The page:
Asynchronous vs Synchronous | Software.Land

Asynchronous vs Synchronous


From Computer Science to the Real World

Asynchronously and synchronously are the two ways that nodes in a system communicate with each other. There are other paradigms of communications (e.g. polling or streaming), but they can all be categorized as one of these two (or both). A node can be:

  • a component within an application
  • a container (built on Docker, for example)
  • a virtual machine
  • a machine (a computer)

However, these two methods of communication extend beyond Computer Science. They’re the only two ways that anything or anyone can communicate. When you interrupt someone to speak with them directly, you’re practicing synchronous communication. They might be busy, so you may need to wait for them to become free (as would happen if you call someone on the phone, and you wait for them to pick up). This scenario occurs between all the types of nodes in computer science mentioned above, and it’s called blocking (the calling node is blocked and waiting).

For most of human history, the only forms of asynchronous communication were: letter mail, telegrams, carrier pigeons (or other animal), or written notes. The digital age changed this. Synchronous communication is still vital for immediate and intimate personal interactions, but asynchronous communication allows for greater overall bandwidth by allowing more information to be exchanged over time, without the need for simultaneous presence.


Providing an exhaustive list of communication paradigms is impossible because the list is constantly evolving. To provide a sense of categorization, below are some examples:

Request / Response

Async or Sync: Use Case Dependant

The communication is initiated by the caller, and it is kept open until the callee responds. The connection is inherently synchronous if TCP is the underlying transport protocol (as is common). If there is only one request, then the request is also considered to be handled synchronously. If there are multiple requests, they can be completed concurrently and asynchronously if the appropriate library is used (such as Python’s asyncio). Looking even closer, each of the multiple asynchronous requests in the high-level language are likely handled synchronously by the individual OS threads responsible for handling the I/O operation. Once all the low-level OS-thread requests have completed their request/response cycles, then the high-level request/response cycle of all the individual awaited requests are also complete.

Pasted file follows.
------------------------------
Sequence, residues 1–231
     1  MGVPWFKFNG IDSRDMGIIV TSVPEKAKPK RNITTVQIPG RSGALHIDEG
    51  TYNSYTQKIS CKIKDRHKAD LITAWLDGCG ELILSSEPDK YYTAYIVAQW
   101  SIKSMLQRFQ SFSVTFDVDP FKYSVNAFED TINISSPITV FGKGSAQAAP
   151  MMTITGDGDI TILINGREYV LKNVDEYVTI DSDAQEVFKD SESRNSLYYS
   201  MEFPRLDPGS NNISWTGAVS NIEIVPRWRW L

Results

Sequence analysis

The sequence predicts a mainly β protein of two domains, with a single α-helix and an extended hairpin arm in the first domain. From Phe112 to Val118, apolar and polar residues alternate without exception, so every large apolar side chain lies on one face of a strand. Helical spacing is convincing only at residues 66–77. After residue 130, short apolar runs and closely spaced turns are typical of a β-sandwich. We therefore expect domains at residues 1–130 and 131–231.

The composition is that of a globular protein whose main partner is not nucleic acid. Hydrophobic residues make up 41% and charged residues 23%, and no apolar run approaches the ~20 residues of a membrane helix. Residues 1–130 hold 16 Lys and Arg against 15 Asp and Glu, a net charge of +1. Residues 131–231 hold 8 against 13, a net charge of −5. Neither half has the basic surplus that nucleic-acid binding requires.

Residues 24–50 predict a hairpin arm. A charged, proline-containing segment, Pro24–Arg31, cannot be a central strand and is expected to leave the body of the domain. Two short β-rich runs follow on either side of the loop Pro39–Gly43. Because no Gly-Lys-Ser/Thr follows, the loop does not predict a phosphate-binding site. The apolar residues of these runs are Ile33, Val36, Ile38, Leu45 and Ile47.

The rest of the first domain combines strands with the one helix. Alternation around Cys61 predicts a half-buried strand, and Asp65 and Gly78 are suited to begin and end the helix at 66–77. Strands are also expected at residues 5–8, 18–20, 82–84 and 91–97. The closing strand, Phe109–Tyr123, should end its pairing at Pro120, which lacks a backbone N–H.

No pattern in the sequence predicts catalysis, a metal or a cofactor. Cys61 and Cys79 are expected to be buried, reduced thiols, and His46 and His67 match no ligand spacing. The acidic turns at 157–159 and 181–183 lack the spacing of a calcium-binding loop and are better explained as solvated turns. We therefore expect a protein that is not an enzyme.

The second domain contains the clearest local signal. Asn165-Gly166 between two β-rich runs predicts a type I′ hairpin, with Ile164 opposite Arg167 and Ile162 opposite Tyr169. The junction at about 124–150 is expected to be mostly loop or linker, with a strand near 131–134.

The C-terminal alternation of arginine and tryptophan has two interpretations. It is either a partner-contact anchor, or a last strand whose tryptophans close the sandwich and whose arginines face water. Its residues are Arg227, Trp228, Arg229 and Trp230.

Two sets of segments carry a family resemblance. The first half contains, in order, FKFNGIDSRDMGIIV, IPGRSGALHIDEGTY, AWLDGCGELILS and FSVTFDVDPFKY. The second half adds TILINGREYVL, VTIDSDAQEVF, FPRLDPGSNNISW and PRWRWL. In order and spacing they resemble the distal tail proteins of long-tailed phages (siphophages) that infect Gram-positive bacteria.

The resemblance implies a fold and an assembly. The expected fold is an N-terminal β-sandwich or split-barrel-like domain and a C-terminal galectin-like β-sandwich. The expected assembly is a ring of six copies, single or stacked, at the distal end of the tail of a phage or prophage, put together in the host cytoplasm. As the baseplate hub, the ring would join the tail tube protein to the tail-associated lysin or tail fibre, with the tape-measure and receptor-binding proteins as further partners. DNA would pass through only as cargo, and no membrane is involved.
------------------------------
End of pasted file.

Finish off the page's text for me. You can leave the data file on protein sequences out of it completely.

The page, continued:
Message Queues

Async or Sync: Both

Producers and Consumers are decoupled through the use of an intermediary message broker (responsible for managing the queue), which makes the high-level communication asynchronous. However, the direct communication with the message broker needs to be synchronous to guarantee message delivery.

Publish / Subscribe

Async or Sync: Use Case Dependant

This design pattern typically describes the high-level, asynchronous communication between Producers and Consumers, which are often decoupled through an intermediary message broker. This is not always the case and there is no reason why Consumers cannot be subscribed to individual Producers directly. Furthermore, if they were communicating through a network, the communication would need to be synchronous to guarantee receipt.


Async or Sync: Synchronous

Polling typically uses Request / Response for each attempt at fetching information. There is even a concept known as long-polling where the callee holds onto and keeps the connection open until it has something to respond.


Async or Sync: Both

At a high level, both the client and server need to be simultaneously present for the communication to take place. However, at a low level, each packet of information is typically UDP and is sent without waiting for a response (some packets can be lost).

Updated: 2023-12-30. To be updated in the new year with diagrams and a deeper dive.


Sam Malayek

Sam Malayek works in Vancouver, using this space to fill in a few gaps. Opinions are his own.